On purpose or by accident, all Americans should be concerned about what gets carried out in their name

The airstrike on a Médecins Sans Frontières (M.S.F.) hospital in Kunduz, Afghanistan which resulted in the death of 12 medical workers, 10 patients (which included 3 children,) and 37 wounded is not only a tragic incident, much less “collateral damage”; it is a heinous war crime and should be treated as such.

Article 18 of the IV Geneva Conventions states that “Civilian hospitals… may in no circumstances be the object of attack but shall at all times be respected and protected by the Parties to the conflict.” Not only was this incident a violation of an international agreement which the United States is a party to, but it also shows extreme carelessness in complying with international obligations.

The negligence is shameful, and should leave us with one important question. Was it deliberate? This question seems reasonable when one considers that M.S.F. had informed both the American army and the Afghani government of their GPS coordinates, or the fact that M.S.F. provides medical assistance to all combatants, regardless of what side the wounded are fighting for, hence the airstrike possibly targeted wounded Taliban fighters. Even more compelling; the airstrike was concentrated on one specific part of the compound for a prolonged period.

The thought that these airstrikes might have been deliberate is only a theory, and one that Médecins Sans Frontières believes to be the case. But until an investigation is launched into this incident, the fogginess around this incident will continue to get thicker.

In a hearing on Tuesday (Oct. 6) before the Armed Services Committee, General John Campbell declared that the US army would never deliberately target a hospital or any other civilian base, and also assured us that there would be a “thorough, objective and transparent” report on the incident.

Should we take his word that the military will be objective in issuing the unadulterated truth? No. Because honestly, who’s ever trusted a criminal to conduct a thorough report on his own crime. Ludicrous.

If there was no purposefulness in this incident, there should be no problem complying with M.S.F.’s request that the U.S. government allow an independent human rights commission investigate the incident. If not, Congress should create an independent committee to launch an investigation. This would give Congress something better to do instead of creating a smear campaign against a presidential candidate and wasting millions of dollars in the process.

Regardless of what any investigation reveals about this incident, the undeniable truth stands that lives were lost in an event where there was no reason for an attack. Whether the cause was deliberate or negligence, there has to be strong action to set precedent that will deter the possibility of these type of incidents happening again, as they have for the last 14 years in the Middle East.

And if you’re an American who hasn’t given much attention to this incident because it occurred in foreign land, well think again, you should.

If you’re someone who believes in America the exceptional, you should be concerned that autocratic countries like Russia can rightfully criticize our government for its continued hypocrisy in promoting all these beautiful concepts like “human rights” and “justice”, meanwhile bombing the hell out of civilian areas.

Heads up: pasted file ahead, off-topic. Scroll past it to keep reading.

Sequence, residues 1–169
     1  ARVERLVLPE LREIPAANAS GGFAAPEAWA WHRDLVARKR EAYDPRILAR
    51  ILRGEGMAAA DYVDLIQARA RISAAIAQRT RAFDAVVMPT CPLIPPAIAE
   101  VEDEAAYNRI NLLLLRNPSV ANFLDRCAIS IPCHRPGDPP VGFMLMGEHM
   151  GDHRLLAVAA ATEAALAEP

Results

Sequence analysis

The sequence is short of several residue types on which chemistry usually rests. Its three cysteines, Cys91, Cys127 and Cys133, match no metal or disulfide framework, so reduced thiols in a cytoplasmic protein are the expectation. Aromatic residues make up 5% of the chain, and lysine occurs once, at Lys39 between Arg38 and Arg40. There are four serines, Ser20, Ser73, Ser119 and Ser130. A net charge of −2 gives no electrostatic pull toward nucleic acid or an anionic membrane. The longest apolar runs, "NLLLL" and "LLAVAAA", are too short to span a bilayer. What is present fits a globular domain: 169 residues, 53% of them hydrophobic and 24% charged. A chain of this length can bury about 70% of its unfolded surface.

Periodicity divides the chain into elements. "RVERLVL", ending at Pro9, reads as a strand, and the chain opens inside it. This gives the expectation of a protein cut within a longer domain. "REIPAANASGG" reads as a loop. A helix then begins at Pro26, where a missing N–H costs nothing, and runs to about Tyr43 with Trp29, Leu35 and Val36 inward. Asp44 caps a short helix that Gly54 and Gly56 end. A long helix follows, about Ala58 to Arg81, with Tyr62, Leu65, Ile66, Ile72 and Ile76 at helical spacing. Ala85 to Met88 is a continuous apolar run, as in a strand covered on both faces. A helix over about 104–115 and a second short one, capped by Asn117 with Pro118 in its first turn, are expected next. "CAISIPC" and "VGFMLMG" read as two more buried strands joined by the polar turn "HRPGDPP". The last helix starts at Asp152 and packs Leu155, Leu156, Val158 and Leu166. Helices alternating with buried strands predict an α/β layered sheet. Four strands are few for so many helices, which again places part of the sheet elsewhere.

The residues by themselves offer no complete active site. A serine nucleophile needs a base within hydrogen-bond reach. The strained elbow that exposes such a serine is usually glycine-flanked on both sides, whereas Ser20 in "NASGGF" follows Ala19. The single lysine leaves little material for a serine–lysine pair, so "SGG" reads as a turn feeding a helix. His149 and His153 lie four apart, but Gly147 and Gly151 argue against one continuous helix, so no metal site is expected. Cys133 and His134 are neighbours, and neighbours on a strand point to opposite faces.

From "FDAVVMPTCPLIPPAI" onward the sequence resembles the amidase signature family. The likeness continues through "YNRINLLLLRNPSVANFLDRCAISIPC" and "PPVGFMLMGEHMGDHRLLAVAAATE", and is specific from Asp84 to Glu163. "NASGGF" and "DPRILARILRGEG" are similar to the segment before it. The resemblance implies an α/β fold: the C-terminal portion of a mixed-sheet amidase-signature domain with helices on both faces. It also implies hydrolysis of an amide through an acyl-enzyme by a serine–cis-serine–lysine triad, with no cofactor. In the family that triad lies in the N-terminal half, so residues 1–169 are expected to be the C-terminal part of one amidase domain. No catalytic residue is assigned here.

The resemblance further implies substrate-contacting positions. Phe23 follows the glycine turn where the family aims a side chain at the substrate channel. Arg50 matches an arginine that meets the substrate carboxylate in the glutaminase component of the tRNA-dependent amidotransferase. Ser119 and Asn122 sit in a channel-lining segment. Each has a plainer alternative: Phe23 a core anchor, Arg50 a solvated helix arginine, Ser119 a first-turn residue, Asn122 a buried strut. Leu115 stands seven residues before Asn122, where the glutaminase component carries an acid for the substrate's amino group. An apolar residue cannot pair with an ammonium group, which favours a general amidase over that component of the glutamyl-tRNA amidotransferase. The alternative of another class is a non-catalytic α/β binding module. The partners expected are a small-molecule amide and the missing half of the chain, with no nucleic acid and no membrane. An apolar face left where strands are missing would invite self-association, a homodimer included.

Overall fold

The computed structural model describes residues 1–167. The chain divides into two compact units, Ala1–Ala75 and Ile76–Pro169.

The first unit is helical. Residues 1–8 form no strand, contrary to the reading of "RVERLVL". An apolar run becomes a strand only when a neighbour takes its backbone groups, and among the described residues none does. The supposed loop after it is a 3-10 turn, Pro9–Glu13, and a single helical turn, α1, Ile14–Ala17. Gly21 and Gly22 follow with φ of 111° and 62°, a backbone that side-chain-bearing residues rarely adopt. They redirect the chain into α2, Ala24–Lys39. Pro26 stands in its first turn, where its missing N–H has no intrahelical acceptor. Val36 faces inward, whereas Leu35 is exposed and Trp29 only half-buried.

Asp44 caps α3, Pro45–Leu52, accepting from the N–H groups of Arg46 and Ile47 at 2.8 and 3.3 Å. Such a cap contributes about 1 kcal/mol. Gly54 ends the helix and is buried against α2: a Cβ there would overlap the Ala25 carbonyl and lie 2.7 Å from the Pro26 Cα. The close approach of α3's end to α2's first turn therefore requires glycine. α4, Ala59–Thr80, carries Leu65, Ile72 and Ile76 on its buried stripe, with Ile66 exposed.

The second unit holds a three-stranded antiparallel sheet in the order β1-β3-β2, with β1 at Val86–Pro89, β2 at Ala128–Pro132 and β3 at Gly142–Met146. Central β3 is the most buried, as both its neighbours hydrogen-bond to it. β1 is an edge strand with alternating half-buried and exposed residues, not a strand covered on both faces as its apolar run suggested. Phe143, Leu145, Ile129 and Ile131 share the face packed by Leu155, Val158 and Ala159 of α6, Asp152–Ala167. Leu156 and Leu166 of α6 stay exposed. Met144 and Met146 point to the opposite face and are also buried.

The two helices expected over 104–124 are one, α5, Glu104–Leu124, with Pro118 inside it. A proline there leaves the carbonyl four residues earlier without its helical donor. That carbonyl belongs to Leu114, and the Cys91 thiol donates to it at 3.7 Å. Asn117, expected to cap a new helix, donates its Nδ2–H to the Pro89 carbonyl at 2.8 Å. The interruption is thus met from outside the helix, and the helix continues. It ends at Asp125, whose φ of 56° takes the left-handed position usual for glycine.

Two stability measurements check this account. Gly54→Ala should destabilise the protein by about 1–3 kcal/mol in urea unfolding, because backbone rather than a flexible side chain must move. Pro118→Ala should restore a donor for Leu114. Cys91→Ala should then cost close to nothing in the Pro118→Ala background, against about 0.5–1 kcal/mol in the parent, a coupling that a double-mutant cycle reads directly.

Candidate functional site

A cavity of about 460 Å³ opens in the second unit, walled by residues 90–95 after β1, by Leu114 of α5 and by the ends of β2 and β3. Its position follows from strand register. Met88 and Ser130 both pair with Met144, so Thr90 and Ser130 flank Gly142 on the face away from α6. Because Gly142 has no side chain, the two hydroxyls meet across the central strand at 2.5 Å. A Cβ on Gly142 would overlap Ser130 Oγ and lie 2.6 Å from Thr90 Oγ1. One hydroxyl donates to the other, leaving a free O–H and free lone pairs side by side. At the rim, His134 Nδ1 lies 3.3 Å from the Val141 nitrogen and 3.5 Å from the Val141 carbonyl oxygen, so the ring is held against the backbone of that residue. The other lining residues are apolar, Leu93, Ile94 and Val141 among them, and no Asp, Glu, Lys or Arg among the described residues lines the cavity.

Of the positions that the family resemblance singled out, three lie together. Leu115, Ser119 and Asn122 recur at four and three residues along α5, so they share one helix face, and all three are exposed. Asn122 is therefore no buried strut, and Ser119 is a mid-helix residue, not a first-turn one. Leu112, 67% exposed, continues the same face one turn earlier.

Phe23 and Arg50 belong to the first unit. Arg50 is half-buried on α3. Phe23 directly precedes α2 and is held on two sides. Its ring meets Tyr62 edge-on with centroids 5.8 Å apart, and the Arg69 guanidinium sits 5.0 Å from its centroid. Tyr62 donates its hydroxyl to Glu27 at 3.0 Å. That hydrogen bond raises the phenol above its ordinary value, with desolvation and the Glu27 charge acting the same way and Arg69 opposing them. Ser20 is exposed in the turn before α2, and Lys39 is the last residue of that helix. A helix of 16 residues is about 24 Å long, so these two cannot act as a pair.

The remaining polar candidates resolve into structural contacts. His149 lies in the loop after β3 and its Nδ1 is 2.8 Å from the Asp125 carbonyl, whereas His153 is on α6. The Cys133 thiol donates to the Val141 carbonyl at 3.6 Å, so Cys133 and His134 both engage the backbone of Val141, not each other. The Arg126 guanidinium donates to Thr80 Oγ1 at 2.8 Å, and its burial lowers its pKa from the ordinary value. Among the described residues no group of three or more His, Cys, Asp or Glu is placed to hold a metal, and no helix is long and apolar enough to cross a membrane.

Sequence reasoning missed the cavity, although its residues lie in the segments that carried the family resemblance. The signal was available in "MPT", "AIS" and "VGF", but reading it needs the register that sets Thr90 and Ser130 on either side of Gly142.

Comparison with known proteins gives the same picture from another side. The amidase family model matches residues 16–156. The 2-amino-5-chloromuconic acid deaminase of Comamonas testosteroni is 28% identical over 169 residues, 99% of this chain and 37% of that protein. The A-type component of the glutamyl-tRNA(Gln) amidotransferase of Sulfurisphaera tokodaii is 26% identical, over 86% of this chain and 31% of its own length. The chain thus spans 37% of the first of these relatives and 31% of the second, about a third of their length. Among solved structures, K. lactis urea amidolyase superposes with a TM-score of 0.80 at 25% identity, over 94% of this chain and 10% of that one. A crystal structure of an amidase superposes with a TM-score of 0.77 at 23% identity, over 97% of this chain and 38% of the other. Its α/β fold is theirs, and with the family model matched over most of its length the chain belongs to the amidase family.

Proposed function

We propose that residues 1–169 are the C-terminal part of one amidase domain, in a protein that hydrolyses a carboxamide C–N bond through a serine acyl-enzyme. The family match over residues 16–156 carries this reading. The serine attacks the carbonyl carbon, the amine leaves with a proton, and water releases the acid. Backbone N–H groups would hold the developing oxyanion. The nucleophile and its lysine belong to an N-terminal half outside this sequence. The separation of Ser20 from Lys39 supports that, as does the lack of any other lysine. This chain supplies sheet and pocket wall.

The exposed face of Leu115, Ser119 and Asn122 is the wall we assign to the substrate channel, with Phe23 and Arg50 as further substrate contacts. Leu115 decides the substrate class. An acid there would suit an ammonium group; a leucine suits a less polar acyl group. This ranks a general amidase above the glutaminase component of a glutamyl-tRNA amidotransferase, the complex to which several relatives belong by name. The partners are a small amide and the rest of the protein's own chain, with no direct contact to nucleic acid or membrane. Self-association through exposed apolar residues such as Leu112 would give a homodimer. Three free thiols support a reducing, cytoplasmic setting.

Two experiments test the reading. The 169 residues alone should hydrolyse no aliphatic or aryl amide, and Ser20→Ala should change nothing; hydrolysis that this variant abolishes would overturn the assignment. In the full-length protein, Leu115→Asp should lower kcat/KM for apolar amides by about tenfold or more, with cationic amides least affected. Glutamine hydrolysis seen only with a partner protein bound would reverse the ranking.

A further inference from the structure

If you have a family and you’re worried about “Islamo-Nazi” terrorists, you should be concerned that terrorist organizations like ISIS can use this tragedy to further spread the idea that the U.S. continues to kill innocent Muslims, and therefore lure more vulnerable youth into the war on America.

As tax payers, we should be concerned that this war crime was perpetrated in our name, with our own tax dollars. Money better spent fixing our nation’s crumbling public infrastructure, providing better health care, or helping underfunded governmental agencies and non-profits, instead of being used to destroy humanitarian organizations.

As a human being, you should be unnerved that people who were willing to risk their lives in order to help others were needlessly killed, along with innocent children and people who regardless of their reason for being there, were defenseless.

As a democratic nation, we have the right to be well informed of our government’s actions , and it is our responsibility to hold our government accountable for any misuse of power, whether abroad or at home. For this same reason the public needs answers, and our officials need questioning, from an independent body with no other interest in this incident but to find the truth.

To stay quiet and not demand an independent investigation is equivalent to being complicit in this war crime.


  1. How can the USA charge anyone with a war crime when we allow the likes of g w bush and dick cheney to play among us?

    Nuremberg Indictment – WW2
    “Count Two of the Indictment charges the defendants with committing specific crimes against peace by planning, preparing, initiating, and waging wars of aggression against a number of other States. It will be convenient to consider the question of the existence of a common plan and the question of aggressive war together, and to deal later in this Judgment with the question of the individual responsibility of the defendants. The charges in the Indictment that the defendants planned and waged aggressive wars are charges of the utmost gravity. War is essentially an evil thing. Its consequences are not confined to the belligerent States alone, but affect the whole world. To initiate a war of aggression, therefore, is not only an international crime; it is the supreme international crime differing only from other war crimes in that it contains within itself the accumulated evil of the whole”

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